The National Health and Medical Research Council (NHMRC) released its revised draft document, Evidence on the Effectiveness of Homeopathy for Treating Health Conditions, on April 9th, 2014. It states, in part, “There is no reliable evidence that homeopathy is effective for treating health conditions.”
The worldwide homeopathic community is both dismayed but unsurprised by this report as the NHMRC working group was compromised from its inception by failing to have at least one qualified homeopath on its panel though several suitable candidates were presented.
Different principles underpin studies and practice
When examining the NHMRC draft report, it is important to realise that homeopathy is practised by very different principles to those of conventional medicine. In drawing its conclusions on homeopathy, the NHMRC overlooked studies based on these principles and clinical practice in favour of less suitable studies that focus on isolated disease conditions – studies much more suited to the allopathic (conventional) model of treatment. This alone has had a negative impact on the NHMRC findings.
AHA recommends a more comprehensive approach
To overcome this problem, the Australian Homoeopathic Association has recommended the NHMRC take “a more comprehensive approach” in its analysis of homoeopathy so that evidence for its effectiveness is more easily identified and studied. (See: Australian Homeopathic Association (AHA) media release)
ATMS says no evidence of ineffectiveness
The Australian Traditional Medicine Society (ATMS) says the draft report has no compelling evidence of a lack of effectiveness with homeopathy, just a lack of high quality studies. They call on the Federal Government to support and fund these studies, just as it does for other therapies.
The ATMS advises it has already provided numerous examples of studies in which homeopathy is superior to placebo to the Chief Medical Officer and says that to place the report in context, only 30% of all conventional medical procedures are supported by a strong evidence base according to the British Medical Journal.
Prophylactic and other studies excluded
A significant amount of evidence for effectiveness of homeopathy has been lost by the NHMRC exclusion of homeopathic prophylactic studies – some of the largest observation studies ever conducted. The NHMRC also says it will not accept studies on “the use of homeopathy for preventing health conditions (including homeopathic ‘vaccines’), or whether homeopathy maintains and/or enhances general health” as part of its call for further submissions(See: http://consultations.nhmrc.gov.au/public_consultations/homeopathy_health)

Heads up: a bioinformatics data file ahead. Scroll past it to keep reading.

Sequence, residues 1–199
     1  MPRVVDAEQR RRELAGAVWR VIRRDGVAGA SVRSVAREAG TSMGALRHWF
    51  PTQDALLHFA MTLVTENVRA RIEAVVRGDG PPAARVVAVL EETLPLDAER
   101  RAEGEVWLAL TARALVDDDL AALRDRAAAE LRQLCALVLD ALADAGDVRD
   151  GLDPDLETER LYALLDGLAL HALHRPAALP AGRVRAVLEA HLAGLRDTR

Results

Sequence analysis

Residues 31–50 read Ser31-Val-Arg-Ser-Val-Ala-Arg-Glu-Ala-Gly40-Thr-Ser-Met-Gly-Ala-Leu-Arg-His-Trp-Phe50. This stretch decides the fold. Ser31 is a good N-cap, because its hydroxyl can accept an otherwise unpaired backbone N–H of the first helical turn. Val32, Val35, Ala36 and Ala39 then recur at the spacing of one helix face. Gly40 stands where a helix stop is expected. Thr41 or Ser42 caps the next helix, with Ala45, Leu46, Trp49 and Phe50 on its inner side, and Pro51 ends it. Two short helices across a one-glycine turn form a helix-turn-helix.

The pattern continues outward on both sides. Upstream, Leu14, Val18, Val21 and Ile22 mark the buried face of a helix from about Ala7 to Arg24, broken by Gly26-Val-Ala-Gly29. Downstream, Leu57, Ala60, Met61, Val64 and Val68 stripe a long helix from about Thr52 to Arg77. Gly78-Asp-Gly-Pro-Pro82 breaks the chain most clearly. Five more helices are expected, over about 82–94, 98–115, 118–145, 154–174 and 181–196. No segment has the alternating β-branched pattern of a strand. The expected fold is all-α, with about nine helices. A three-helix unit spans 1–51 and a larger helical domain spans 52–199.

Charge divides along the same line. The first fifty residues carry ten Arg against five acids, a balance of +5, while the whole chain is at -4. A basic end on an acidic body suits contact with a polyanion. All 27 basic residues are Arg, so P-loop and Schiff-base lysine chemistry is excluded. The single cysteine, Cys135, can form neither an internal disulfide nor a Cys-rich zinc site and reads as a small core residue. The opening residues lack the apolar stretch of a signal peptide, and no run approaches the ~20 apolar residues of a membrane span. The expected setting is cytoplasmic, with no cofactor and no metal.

As these studies provide some of the clearest evidence of homeopathy’s effectiveness, the question must be asked, why are they, along with animal studies, being excluded?
At what cost?
The NHMRC draft report has been more than 3 years in the making and so far, according to reports, has cost the tax-payer $140,000 – all the more reason to ensure its integrity. But is that all this report will cost?
According to the World Health Organisation, homeopathy is the most widely used alternative medicine in the world today and second only conventional medicine. Many millions of people rely on it as a primary form of healthcare – and they know it works.
If the NHMRC continues to exclude important evidence from its examination, and if it chooses to word its final report in such a way that it is then used to discredit homeopathy and disenfranchise Australian users of homeopathy, the greatest cost of all will be borne by the Australian Government, the scientific community, and the NHMRC itself. Trust lost is never easily regained and that is what is truly at stake with this report.
Call for final submissions
The NHMRC is now calling for final public submissions and comment on the draft Information Paper. Anyone can make a submission of additional evidence – it does not have to come from within Australia. For more information on submissions, please visit –http://consultations.nhmrc.gov.au/publi…/homeopathy_health
The deadline closes on Monday, 26 May 2014, 05:00pm (AEST).
Consultation documents and supporting attachments can also be downloaded at this link.
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